Oman denies plans for Gulf-funded multi-billion dollar deposit

Reuters reported yesterday that the country was seeking to boost its foreign exchange reserves to protect its currency

Oman could become the first country in the Gulf Cooperation Council to introduce value added tax as it looks to raise revenues, according to reports. Oman Daily Observer cites an official familiar with the matter as saying the “final touches” are being made to the country’s draft law relating to VAT. “It is only a matter of timing,” he said, without specifying the tax rate. "There will be no exemptions, and all consumers will pay the VAT upon its implementation," he said, adding, "key sectors, sectors such as health, education and social services may not be included in the new tax net". The source said around 94 food items would also be exempt and the country expected to raise OMR 300m ($779m) each year from the levy for state coffers. However, he ruled out any plans to introduce income tax in the country, according to the publication. A GCC-wide agreement to implement a VAT rate of 5 per cent is in the works with the UAE already confirming its plans. Last month, the emirates said it would implement the levy from January 1 2018. Under the agreement, UAE minister of state for financial affairs Obaid Humaid Al Tayer said other countries in the region would have until January 1 2019 to follow suit. He said at least 100 foot items, bicycles, healthcare and education would be exempt from VAT, which is expected to raise Dhs 12bn ($3.2bn) for the country in its first year. In a report this month, consultancy firm EY’s MENA indirect tax leader Finbarr Sexton said VAT would have a “broad impact” on businesses in the region. “It will diversify government revenue sources and reduce reliance on oil revenues to finance government expenditures,” he said. “The additional revenues collected are likely to fund programmes for the development of job opportunities for nationals and improve education and healthcare in the GCC.” But he warned that there would be severe penalties for non-compliance. “All businesses must undertake a review of their current contracts to determine if VAT has been appropriately addressed,” he said. The implementation of VAT in the GCC is being driven by a prolonged decline in Brent crude prices from a $115-per-barrel peak in mid-2014 to around $40 this month. GCC countries are expected to post average fiscal deficits of 16 per cent this year, with a $275bn regional shortfall, according to the International Monetary Fund. Related articles VAT could become additional cost for GCC businesses Industry GCC Rail Completion Date Could Be Pushed To 2020 - UAE Minister Industry UAE Launches Strategy To Become Most Innovative Country In Seven Years Industry Newsletter Subscribe to get a Gulf Business update each day. By Robert Anderson Email Robert Latest More senior executives at Abu Dhabi bank FGB depart Emirates would buy more A380s even if new version shelved Saudi Aramco prepares for global expansion as IPO looms UAE workers say CEOs accountable for data breaches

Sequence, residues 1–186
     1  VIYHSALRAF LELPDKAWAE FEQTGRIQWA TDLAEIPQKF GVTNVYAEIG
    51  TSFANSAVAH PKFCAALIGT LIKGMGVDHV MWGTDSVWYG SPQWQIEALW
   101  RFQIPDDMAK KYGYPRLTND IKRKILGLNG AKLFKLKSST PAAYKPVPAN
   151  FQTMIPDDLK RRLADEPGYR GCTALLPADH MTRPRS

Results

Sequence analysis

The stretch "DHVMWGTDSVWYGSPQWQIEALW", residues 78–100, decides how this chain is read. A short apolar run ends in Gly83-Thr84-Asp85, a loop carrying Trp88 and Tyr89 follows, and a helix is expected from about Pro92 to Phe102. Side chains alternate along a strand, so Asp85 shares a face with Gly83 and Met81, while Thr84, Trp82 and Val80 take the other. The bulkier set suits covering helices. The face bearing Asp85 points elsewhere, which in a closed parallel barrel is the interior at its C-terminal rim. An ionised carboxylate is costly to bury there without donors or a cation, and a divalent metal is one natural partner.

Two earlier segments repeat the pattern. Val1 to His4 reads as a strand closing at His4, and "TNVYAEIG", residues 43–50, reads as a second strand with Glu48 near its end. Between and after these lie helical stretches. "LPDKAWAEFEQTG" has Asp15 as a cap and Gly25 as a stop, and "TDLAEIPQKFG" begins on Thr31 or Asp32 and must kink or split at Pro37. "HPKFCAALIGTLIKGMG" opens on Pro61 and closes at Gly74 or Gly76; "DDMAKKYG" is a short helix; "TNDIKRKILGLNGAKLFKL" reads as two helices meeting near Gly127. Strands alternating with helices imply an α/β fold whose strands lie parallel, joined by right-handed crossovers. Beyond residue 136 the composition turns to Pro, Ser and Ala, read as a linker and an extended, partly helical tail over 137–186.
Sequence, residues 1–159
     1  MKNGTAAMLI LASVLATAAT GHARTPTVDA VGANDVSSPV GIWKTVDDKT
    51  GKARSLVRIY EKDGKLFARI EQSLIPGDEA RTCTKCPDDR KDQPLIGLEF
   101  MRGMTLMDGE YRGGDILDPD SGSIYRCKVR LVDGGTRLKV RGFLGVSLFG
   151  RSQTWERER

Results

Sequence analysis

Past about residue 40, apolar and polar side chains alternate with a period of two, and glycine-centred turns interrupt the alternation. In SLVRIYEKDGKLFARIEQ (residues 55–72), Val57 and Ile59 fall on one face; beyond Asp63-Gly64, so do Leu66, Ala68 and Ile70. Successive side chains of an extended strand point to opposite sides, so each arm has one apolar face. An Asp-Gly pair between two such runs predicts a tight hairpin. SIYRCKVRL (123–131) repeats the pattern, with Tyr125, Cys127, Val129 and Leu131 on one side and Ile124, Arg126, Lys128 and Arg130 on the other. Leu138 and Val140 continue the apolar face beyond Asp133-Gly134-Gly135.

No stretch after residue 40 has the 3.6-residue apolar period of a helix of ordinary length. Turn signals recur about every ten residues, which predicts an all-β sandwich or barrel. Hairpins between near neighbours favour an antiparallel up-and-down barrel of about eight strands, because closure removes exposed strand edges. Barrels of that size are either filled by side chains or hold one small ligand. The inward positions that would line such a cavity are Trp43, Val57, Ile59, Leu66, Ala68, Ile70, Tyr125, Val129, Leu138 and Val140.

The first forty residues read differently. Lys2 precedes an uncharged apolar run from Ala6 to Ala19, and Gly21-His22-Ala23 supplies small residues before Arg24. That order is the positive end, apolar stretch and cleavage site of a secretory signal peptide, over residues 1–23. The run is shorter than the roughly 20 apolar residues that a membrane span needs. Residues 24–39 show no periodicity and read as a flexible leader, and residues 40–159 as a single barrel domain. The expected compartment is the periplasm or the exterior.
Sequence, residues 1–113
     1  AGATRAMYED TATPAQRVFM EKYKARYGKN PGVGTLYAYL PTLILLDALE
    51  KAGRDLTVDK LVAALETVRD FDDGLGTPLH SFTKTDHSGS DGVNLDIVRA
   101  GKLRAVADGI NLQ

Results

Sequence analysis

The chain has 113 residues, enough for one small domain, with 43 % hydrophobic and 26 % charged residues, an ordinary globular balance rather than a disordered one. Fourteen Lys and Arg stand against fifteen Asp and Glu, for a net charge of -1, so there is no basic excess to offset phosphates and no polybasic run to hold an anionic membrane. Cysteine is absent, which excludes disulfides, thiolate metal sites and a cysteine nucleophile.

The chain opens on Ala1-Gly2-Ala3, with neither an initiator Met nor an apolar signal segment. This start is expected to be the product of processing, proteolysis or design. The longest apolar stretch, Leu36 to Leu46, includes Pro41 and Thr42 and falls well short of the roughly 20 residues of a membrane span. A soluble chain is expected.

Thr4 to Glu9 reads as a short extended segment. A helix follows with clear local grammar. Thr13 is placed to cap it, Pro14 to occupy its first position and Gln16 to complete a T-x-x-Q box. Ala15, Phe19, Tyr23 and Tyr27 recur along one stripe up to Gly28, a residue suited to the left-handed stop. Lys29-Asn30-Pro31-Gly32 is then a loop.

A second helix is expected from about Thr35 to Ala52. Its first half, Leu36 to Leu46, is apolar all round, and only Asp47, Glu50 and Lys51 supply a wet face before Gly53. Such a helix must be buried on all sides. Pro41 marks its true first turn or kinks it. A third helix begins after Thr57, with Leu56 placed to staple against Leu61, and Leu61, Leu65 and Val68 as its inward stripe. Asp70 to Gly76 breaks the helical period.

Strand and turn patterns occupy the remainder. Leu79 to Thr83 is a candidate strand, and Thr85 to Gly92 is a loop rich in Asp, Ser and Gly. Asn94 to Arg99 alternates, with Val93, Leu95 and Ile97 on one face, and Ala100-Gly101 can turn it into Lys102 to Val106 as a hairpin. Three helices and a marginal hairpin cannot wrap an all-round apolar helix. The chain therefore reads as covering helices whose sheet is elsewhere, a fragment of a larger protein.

Oman has denied reports that it is negotiating with Gulf state to secure a multi-billion dollar deposit for its central bank.

Reuters reported yesterday that Omani officials had met with the finance ministries of Kuwait, Qatar and Saudi Arabia to discuss the proposed deposit, citing two sources.

Read: Oman in talks with GCC states for multi-billion dollar deposit

But the country’s Ministry of Finance dismissed the news in a statement.

“The sultanate dismissed the news circulated by media that it is negotiating with Gulf Arab states to secure a multi-billion-dollar deposit in its central bank that would boost its foreign exchange reserves and head off any pressure on the Riyal,” it said.

The ministry further denied any negotiations had taken place, adding that its currency was not at risk and it had enough reserves.

Oman has been hit harder than most Gulf state by the decrease in oil prices since the summer of 2014.

This month the country announced a projected budget deficit of OMR3bn ($7.79bn) for 2017 following a projected OMR3.3bn deficit for the previous year.

The country said it would change taxes, raise electricity tariffs, increase fees and sell stakes in companies to boost revenues.

Read: Oman 2017 budget projects smaller deficit as govt plans tax hikes

The Omani rial has depreciated in the forwards market since early 2015 as some banks have hedged against the risk of a devaluation, although the currency is now far from lows seen in 2016.

Comments

comments